Living Expenses are something we face everyday. Every time we pay cash or swipe our credit cards, we are paying for them. We are vitally aware of our expenses, but sometimes we do not know what they really are or how they compare to other families in similar situations.
This website is designed to help you quantify your expenses and compare yours to those in similar living situations.
I started my research on retirement expenses in the process of planning my retirement, and I found that traditional retirement planning requires that we save much more than we will really need. I felt that this information should be shared with others who are in the process of planning their retirement.
The information on this site is based on living conditions in the United States of America. In the USA, the Bureau of Labor Statistics under the Department of Labor is responsible for this data. This data is updated each October for the prior year. The data in this website was updated in October, 2015 with the most current 2014 data.
DEFINITION – Living Expenses
Definitions vary, but for our purposes, here are a couple of definitions:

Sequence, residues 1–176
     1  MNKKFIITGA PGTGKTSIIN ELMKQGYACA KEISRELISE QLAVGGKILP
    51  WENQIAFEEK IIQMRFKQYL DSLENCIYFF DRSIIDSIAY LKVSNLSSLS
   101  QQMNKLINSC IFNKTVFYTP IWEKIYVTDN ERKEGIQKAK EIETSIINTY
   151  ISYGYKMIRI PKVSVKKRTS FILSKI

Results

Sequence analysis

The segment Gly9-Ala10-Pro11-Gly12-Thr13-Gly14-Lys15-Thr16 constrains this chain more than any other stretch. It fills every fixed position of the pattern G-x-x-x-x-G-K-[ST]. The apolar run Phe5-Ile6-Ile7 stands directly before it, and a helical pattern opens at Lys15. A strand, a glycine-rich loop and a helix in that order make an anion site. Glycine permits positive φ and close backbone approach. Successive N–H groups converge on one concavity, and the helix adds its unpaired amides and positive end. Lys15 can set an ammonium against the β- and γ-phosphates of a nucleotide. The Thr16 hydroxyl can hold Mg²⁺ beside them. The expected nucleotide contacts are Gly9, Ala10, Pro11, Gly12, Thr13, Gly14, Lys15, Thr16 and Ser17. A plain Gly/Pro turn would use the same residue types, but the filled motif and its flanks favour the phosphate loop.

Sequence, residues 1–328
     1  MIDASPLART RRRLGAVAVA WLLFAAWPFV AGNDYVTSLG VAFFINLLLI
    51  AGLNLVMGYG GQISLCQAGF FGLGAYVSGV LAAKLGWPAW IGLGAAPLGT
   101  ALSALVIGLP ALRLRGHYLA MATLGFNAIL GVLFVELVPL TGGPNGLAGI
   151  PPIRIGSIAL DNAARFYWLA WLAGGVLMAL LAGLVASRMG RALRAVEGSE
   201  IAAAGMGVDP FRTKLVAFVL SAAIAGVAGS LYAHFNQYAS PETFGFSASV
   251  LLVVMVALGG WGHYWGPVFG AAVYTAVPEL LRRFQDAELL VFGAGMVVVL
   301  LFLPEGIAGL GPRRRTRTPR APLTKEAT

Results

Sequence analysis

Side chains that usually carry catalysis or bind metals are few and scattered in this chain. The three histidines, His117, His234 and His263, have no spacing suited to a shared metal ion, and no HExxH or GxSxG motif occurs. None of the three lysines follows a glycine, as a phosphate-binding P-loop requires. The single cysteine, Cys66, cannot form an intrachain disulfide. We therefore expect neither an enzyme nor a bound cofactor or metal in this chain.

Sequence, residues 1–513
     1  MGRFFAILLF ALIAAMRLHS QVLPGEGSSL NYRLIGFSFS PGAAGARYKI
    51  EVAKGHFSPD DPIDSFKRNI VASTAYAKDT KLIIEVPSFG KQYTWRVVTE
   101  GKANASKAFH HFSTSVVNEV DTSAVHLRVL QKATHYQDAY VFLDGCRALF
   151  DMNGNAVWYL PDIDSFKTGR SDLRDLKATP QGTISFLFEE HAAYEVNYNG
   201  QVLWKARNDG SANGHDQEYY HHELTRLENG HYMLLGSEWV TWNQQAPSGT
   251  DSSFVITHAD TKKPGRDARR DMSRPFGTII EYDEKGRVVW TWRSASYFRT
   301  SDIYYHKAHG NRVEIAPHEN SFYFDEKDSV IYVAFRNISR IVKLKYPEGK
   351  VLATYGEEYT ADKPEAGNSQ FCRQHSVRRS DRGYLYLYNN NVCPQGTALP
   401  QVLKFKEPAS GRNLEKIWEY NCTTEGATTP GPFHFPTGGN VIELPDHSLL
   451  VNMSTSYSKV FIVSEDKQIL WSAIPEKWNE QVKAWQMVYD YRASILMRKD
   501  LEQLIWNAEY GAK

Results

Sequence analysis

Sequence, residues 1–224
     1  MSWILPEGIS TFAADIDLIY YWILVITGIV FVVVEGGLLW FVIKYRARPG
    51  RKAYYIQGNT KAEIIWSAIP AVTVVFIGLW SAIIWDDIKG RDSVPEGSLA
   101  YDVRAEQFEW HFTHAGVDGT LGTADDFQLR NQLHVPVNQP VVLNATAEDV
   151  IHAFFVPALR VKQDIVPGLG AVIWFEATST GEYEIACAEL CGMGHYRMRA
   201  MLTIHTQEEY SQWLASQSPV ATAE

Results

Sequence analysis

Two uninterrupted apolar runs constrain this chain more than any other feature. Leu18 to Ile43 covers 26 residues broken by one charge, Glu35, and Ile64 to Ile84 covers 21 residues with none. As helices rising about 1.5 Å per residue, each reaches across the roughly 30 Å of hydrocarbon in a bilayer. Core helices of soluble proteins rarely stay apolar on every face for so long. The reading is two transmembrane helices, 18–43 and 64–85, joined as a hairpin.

- The cost of basic necessities as defined by an accepted standard of living.
- The expenses of a family necessary to secure a safe and modest living standard in the community in which it resides.
These expenses can be different depending on geographic location, family size, and age.
- Geographic Location – the cost of living is higher in large metropolitan areas than in rural areas. An example shows that it costs 1.45 times more to live in Boston, MA as it does to live in Cheyenne, WY.
- Family Size – it is logical that expenses increase with each person in the family. The US Department of Agriculture has a calculator to help calculate the cost to raise a child to age 18. It shows that depending on family income in a two parent family a child born in 2013 can cost between $218,680 and $506,610 to raise to the age of 18 years. This does not include a college education.
- Age – Our cost of living changes as we age. As the children grow and leave home, our expenses decrease. When we stop working, our expenses change. When we pay the last payment on our home mortgage, our cost of living REALLY decreases.
For retirement planning, it is interesting that statistically living expenses decrease as a person ages so the assumption that we will need 85% of our pre-retirement income each year to live comfortably is most likely not true unless you are the exception.
To explore this in more detail go to retirement living expenses.